In source localization problems, the relative geometry between sensors and source will influence the localization performance. The optimum configuration of sensors depends on the measurements used for the source location estimation, how these measurements are affected by noise, the positions of the source, and the criteria used to evaluate the localization performance. This paper addresses the problem of optimum sensor placement in a plane for the localization of an underwater vehicle moving in 3D. We consider sets of sensors that measure the distance to the vehicle and model the measurement noises with distance dependent covariances. We develop a genetic algorithm and analyze both single and multi-objective problems. In the former, we consider as the evaluation metric the arithmetic average along the vehicle trajectory of the maximum eigenvalue of the inverse of the Fisher information matrix. In the latter, we estimate the Pareto front of pairs of common criteria based on the Fisher information matrix and analyze the evolution of the sensor positioning for the different criteria. To validate the algorithm, we initially compare results with a case with a known optimal solution and constant measurement covariances, obtaining deviations from the optimal less than 0.1%. Posterior, we present results for an underwater vehicle performing a lawn-mower maneuver and a spiral descent maneuver. We also present results restricting the allowed positions for the sensors.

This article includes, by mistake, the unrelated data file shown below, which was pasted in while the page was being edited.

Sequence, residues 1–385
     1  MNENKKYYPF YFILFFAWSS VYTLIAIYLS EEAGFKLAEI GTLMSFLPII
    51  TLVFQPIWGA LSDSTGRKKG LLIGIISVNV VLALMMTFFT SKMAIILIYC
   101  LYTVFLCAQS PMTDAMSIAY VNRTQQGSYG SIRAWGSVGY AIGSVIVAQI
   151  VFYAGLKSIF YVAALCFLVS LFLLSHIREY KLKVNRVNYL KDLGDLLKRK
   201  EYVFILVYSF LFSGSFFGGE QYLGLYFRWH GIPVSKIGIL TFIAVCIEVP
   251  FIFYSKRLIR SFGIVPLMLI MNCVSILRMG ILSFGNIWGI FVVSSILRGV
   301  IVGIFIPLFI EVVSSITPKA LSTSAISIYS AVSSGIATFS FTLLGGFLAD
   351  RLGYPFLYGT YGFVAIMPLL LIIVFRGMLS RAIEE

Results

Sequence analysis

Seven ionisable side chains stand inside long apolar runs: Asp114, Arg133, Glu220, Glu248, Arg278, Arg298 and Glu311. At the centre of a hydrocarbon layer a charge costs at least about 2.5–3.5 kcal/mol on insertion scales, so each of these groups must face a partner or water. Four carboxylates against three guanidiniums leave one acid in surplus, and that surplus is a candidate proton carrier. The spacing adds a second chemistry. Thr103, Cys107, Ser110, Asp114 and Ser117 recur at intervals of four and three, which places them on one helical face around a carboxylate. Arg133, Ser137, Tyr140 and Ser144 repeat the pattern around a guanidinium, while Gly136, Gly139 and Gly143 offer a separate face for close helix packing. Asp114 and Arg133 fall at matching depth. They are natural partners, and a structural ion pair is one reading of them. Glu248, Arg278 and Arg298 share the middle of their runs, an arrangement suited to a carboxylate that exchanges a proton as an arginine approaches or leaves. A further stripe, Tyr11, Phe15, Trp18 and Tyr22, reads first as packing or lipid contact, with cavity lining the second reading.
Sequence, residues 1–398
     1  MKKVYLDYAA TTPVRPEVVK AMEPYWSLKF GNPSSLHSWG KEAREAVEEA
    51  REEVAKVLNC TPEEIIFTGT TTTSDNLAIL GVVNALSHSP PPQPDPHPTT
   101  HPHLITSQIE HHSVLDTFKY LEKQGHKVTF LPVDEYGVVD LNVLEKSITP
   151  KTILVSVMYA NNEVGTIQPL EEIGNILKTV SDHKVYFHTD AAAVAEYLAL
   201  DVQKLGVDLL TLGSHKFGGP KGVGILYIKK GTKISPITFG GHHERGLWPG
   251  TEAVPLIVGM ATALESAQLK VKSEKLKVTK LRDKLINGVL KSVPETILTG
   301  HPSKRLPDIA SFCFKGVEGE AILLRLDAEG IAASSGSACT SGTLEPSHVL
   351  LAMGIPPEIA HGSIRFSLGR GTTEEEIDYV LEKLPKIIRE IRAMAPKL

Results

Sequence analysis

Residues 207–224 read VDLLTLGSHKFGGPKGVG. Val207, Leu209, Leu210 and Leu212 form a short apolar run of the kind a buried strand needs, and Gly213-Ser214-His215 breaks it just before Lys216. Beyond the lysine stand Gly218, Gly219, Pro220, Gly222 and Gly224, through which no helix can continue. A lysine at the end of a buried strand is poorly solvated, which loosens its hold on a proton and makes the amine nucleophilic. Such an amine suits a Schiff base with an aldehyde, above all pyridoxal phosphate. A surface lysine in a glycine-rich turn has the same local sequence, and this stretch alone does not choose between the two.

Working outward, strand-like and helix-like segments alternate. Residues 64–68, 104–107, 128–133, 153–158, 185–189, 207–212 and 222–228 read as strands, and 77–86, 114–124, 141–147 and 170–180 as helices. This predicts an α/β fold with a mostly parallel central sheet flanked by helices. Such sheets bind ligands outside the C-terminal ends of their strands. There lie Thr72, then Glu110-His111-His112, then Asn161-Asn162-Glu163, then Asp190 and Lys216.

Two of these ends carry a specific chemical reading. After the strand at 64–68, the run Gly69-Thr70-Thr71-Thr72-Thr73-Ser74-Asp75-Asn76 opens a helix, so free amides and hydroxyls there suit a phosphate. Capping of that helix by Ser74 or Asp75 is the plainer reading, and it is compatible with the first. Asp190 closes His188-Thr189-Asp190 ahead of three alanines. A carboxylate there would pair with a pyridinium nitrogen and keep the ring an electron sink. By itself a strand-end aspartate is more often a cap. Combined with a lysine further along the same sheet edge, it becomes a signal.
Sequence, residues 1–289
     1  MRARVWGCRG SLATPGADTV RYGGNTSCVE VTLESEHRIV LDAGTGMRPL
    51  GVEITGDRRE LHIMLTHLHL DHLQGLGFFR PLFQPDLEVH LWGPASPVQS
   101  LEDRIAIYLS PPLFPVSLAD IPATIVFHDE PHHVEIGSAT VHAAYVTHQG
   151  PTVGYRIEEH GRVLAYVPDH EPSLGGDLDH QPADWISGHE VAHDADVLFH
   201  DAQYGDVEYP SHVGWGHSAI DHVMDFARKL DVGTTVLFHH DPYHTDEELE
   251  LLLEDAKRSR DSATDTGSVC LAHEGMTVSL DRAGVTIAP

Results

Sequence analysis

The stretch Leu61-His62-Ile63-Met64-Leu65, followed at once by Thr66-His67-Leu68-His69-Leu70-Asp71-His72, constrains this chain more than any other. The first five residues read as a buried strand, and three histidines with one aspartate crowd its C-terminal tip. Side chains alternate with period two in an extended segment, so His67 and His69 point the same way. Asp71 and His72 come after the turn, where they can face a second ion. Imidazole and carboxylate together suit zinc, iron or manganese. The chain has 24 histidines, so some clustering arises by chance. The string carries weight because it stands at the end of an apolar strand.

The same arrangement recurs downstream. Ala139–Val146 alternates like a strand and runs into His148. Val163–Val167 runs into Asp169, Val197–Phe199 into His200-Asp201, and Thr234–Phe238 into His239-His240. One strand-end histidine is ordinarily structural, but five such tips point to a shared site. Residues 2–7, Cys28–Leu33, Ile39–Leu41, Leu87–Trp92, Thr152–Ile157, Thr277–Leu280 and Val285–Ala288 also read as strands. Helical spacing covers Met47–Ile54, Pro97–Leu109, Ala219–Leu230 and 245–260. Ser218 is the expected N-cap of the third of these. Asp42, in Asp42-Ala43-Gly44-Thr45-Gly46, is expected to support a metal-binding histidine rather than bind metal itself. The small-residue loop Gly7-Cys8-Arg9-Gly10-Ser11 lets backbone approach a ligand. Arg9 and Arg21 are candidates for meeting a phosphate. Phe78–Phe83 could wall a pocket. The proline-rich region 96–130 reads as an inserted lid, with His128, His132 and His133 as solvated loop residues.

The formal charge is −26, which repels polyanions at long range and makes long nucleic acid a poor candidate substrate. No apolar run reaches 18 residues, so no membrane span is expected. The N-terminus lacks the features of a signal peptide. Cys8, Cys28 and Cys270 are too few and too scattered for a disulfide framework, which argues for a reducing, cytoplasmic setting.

This is an open access article distributed under the Creative Commons Attribution License
which permits unrestricted use, distribution, and reproduction in any medium, provided the original work is properly cited.